MA Program

Alumni Profiles

Victoria Szabo

Name: Victoria Szabo
Graduation Year: 2000
Program: English
Degree: PhD

How did a dissertation on popular nineteenth-century sensation novels lead to a career as director of the Duke Digital Humanities Initiative and co-founder of Duke’s new, interdisciplinary PhD program in Computational Media, Arts, and Cultures? Victoria Szabo (PhD 2000) suggests that the diverse strands of her professional life might be unified under a single motto: keep doing what you love, because the interests you’ve pursued just for fun might very well become your next job.

Szabo explains that in tracking down out-of-print Victorian novels for her dissertation – and spending long hours in the microfilm room – she became increasingly intrigued by questions of textual accessibility, preservation, and canon-formation. At the same time, while working in the Robbins Library under its then-director (now Director Emeritus) Alan Lupack, Szabo was charged with investigating a new tool for creating webpages – HTML – and to explore its possible applications in the Library. It soon became clear that rare or little-known texts and images could be made available to the public on an unprecedented scale: the result was the founding of The Camelot Project, an interactive online database of Arthuriana drawn from both the Robbins Library’s rich resources and Lupack’s own personal collection. The first web editions of the TEAMS Middle English Texts series, published under the direction of Professor Russell Peck, soon followed. (Szabo also created the English Department’s first website.) These early forays into HTML, meanwhile, prompted Szabo to think more theoretically about the effects of joining texts to visual media – an interest she was able to foster by taking an additional year of coursework in the Visual and Cultural Studies program.

With her expertise in humanities computing, Szabo found positions as an Instructional Multimedia and Technology specialist at Grinnell College, and later as an Academic Technology Specialist at Stanford University. But she still maintained her other passions: teaching was one of them (and after asking if she could offer courses incorporating academic technologies, she was in fact granted the title of “lecturer” as well); another was her scholarly interest not just in media but in media studies, a field that she continued to follow. Both pursuits were to become central to her next job, as the Administrative Director for the Information Science Studies Program at Duke University – the mission of which is to study and create new information technologies across disciplines. As her work evolved further, she was appointed Assistant and then Associate Research Professor of Visual and Media Studies, also at Duke. In addition to teaching courses in media and information studies, Szabo now collaborates on digital mapping, visualization, augmented reality, and database projects focused on cultural heritage; she also publishes articles in digital-humanities topics, curates digital-art exhibitions, and co-creates game-based installation art. She looks forward to her next task – overseeing the development of the innovative doctoral program that she has helped to inaugurate, and training a new generation of students to bridge disciplines and break down boundaries just as she has been doing for nearly twenty years.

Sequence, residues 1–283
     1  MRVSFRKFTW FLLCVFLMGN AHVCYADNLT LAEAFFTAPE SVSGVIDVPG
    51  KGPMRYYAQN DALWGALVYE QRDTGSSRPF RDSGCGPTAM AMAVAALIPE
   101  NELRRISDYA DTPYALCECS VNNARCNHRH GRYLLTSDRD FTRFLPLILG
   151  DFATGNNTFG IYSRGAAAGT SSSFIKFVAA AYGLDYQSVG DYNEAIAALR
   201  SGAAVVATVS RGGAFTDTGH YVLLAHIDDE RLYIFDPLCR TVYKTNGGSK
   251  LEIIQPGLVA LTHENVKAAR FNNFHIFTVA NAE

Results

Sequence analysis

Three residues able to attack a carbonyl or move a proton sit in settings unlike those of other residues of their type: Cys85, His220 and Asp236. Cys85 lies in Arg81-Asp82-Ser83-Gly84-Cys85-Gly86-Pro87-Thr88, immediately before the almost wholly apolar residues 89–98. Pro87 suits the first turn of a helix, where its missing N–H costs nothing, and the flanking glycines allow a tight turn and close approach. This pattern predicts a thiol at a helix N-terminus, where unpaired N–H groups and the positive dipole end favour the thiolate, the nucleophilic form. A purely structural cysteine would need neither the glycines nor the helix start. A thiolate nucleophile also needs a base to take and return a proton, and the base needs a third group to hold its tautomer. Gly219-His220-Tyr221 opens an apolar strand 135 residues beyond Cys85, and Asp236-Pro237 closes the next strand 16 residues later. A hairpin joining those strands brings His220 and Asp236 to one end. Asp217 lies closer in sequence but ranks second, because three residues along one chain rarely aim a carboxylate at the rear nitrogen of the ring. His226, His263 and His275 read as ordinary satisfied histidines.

Szabo avatar

Excerpts from a May, 2016 interview with Szabo appear below.

How did you select the U of R’s English PhD program?

I knew I was interested in Romanticism and Victorian Studies, and in the connections between the gothic and later forms of Victorian romanticism, including sensationalism. The U of R’s Department had strengths in both of these areas, and seemed to welcome research that crossed disciplinary boundaries. After having attended Williams College as an undergraduate, and then Indiana University, Bloomington for an MA, I also knew I wanted to return to a smaller setting, where there would be a strong sense of community and also a lot of flexibility: I wanted to take courses in other departments and programs such as Visual and Cultural Studies, and also Gender and Women’s Studies, where I earned a Graduate Certificate. More simply, I valued the opportunities that a smaller program affords for learning from faculty and fellow students not technically in one’s area of specialization, such as medieval literature. And the faculty seemed really to care about the students and how they developed their own trajectories for research and teaching.